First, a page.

Tales from the Crypt, Part III

The third and final installment of Juha Tupasela's guide to writing your thesis available only on BTSB. The first and second installments can be found here and here. Enjoy. Back again! This time in less than a year. In this third and final ramble, I talk about what happened to me when I finished writing my thesis.

As it turned out, quite a lot.

By the time I handed in the complete draft to my supervisor, he had already commented on earlier drafts of each section. This would be the last check, and after it my last opportunity to make changes before handing in the final draft for evaluation. When he took my paper, my supervisor asked me what grade I had in mind. By then, I was already pretty sick of my thesis, and the deadline for the graduation ceremony was closing in, so I put any lingering dreams of revolutionizing the way English literature is studied to rest and aimed for a decent, if not spectacular, grade. After getting his comments, it only took me a week or two to put on the finishing touches, and I found myself in the almost surreal position of having a complete master’s thesis—title page, table of contents, bibliography and all—sitting on my desk in front of me. Three of them in fact, because the Humanities Faculty requires you to submit two and I wanted to have a copy bound for myself as a souvenir.

Handing over my thesis at the faculty office drove home the fact that the project that I had started and been working and struggling with for so long was actually over. It was a moment I’d been waiting for a long time. I left the office feeling good, and bought myself a nice meal and a beer. Then I remembered that I still had three 2,000-word essays to write before I could graduate.

The downer wasn’t so much that the essays would be a lot of work, they weren’t. It was more that it was just a bummer to have completed the biggest writing project I’d ever undertaken and then still not be completely done with university. It felt like reaching the top of a steep hill and realizing that before you could walk downhill-or even enjoy the view-you have to cross a really boring plateau. On the plus side, having been writing almost every day for over two months straight meant that I was able to churn out these smaller essays with relative ease, even though it was still annoying at that point.

Unfortunately, the stress didn’t end with completing the essays. I was pretty much down to the wire in completing them, and I still had to wait on getting the grades registered. I wrote e-mails to the professors in question, in which I politely explained that I really needed to get graded quick or I’d miss graduation and my head would explode. My e-mails worked, and I got my final missing grades with a whole couple of days to spare before the deadline for graduation.

I don’t recommend leaving things this late. It was nerve-wracking enough waiting for the grades to come in so I could get all my study modules registered, but few things in my life can match the utter horror that I experienced when I tried to sign up for graduation.

It started out innocently, if bureaucratically, enough. The way the sign up system works is that you get an official transcript of your studies, which shows all the courses you’ve done, how many credits they’re worth, etc. You then proceed to copy all of this information by hand onto the sign-up form. You then go to the faculty office, where the office clerk compares your sign-up sheet to your official transcript to make sure you copied it right. The point of this whole exercise is … still a mystery to me.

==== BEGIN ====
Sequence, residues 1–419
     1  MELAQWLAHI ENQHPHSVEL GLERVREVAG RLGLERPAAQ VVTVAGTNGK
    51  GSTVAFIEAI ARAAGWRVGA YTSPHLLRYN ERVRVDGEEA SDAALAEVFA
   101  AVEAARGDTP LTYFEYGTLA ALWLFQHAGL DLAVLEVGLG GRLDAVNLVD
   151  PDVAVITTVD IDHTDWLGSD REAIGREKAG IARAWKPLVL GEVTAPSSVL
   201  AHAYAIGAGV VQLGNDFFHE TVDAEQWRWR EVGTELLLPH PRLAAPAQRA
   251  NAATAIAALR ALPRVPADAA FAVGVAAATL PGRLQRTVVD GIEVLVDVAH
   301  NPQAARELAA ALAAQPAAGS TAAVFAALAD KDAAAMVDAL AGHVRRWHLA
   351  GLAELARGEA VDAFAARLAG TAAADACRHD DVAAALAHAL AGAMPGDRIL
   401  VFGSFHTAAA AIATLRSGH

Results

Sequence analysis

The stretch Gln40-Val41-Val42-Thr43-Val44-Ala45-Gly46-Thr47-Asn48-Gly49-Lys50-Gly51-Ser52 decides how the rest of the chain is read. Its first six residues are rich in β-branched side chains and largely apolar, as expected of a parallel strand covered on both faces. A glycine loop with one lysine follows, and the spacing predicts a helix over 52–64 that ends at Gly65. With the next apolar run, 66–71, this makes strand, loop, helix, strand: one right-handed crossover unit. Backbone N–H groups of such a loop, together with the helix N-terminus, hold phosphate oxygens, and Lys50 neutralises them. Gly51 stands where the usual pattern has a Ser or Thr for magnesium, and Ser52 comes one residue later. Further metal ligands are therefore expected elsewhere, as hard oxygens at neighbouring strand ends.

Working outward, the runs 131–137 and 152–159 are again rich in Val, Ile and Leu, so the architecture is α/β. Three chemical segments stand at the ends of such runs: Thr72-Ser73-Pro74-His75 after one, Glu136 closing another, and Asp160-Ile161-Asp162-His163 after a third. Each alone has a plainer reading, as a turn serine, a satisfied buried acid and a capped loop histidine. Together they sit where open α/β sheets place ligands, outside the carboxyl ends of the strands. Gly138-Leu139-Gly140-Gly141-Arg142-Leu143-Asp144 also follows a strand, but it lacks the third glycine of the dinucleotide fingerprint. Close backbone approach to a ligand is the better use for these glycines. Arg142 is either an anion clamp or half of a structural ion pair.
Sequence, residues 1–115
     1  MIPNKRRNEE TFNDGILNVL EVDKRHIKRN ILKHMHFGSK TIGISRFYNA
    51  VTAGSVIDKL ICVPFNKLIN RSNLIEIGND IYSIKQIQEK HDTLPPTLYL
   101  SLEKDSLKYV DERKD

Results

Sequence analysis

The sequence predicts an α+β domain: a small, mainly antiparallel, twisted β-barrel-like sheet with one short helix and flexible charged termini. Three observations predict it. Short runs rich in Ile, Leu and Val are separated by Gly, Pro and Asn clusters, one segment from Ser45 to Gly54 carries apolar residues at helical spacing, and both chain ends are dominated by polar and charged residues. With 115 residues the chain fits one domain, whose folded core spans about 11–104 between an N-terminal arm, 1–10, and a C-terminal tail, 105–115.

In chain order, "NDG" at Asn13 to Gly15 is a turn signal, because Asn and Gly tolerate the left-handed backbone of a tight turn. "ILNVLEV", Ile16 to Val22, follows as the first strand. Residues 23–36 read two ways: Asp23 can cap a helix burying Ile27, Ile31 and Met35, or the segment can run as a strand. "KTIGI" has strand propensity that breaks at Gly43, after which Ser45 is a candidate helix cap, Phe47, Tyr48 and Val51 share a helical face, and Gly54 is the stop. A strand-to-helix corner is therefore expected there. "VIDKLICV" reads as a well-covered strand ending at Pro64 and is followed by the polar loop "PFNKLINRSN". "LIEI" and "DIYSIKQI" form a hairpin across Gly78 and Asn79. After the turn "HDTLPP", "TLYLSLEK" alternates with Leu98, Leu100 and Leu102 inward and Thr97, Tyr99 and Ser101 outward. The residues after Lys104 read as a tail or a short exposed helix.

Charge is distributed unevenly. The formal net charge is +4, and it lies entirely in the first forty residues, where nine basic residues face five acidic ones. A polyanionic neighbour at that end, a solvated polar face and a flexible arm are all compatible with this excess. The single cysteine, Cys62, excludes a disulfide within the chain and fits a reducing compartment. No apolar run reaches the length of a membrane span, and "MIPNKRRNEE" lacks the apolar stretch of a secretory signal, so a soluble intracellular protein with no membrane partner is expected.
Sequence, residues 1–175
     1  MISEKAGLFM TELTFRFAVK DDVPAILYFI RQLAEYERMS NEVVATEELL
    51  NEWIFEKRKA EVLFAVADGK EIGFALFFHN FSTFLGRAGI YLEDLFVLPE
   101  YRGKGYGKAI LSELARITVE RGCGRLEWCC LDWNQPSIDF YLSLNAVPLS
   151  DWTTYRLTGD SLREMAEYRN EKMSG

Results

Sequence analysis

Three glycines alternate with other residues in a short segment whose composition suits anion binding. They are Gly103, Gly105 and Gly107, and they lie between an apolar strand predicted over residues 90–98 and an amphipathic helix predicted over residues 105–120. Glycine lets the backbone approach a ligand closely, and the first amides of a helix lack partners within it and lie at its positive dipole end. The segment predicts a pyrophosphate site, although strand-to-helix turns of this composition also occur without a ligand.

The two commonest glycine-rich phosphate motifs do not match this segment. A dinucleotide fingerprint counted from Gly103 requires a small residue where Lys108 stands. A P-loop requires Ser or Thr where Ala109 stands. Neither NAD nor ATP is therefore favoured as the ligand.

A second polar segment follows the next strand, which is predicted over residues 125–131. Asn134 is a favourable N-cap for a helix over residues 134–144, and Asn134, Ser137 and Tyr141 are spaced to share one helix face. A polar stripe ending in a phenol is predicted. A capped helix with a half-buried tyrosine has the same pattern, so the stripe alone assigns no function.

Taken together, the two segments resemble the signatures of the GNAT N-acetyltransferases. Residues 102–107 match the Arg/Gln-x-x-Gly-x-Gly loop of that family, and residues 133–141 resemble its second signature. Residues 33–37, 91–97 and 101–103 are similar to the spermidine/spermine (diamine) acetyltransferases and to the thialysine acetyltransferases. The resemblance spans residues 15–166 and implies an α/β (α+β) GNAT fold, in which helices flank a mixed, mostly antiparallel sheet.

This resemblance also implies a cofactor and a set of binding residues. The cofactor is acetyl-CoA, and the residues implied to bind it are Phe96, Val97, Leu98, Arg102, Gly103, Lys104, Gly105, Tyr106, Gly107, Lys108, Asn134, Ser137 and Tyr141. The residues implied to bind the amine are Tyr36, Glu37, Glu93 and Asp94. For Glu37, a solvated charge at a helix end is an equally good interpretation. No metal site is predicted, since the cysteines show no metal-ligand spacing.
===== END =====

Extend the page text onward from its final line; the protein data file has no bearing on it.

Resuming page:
Anyway, I walked into the faculty office with my double- and triple-checked sign-up forms. I handed them to the office clerk and sat across from her biting my nails while she checked them. Everything was fine, I told myself. I had made sure that I had all the courses I needed, hadn’t I? Then, two noises that stopped my heart,

“Oh. Hmm.”

A pause, and then, “There seems to be a problem.”

Utter paralysis. I had to remind myself to breath.

The clerk referred to some small-print syllabus detail that no-one else I’ve spoken to has ever heard of. According to this detail, I had too many credits in my free studies category, so I couldn’t register them all. This meant that I didn’t have enough total credits to graduate. Having remembered to breath, I now had to keep myself from hyperventilating.

Luckily, a solution was found. In keeping with the approach embodied by the sign-up form merry-go-round, I ended up having to go to the English Department office, get them to rearrange how some of my English credits were registered and then run back to the faculty office before it closed to finish signing up for graduation. Getting my nerves back under control after all this took several strong drinks.

Then came a relatively anticlimactic wait for the graduation ceremony. The ceremony itself was an austere affair. The names of everyone who had graduated were read, and as the names were read, people went up to get their diplomas. After everyone got their diplomas, the dean gave a little speech and then, in a somewhat surreal move, sang a song. After that, a free drink from the faculty and that was that. University was over.

I have to admit that all the expectations I had invested into graduation left me feeling a little empty. I was fortunate to have a soft landing after graduation. I already had a job, and after graduating, my part-time contract got upgraded to a full-time contract. After that it’s been a steady nine-to-five with five weeks paid vacation a year. Am I happier now that I’m done with my thesis? In many ways, yes. Are there things I miss about university? Definitely. But if nothing else, I’m much happier being on this side of my thesis. The sun feels so much warmer when you’ve spent some time crawling through the crypt. [tags]tales,crypt,gradu,thesis[/tags]

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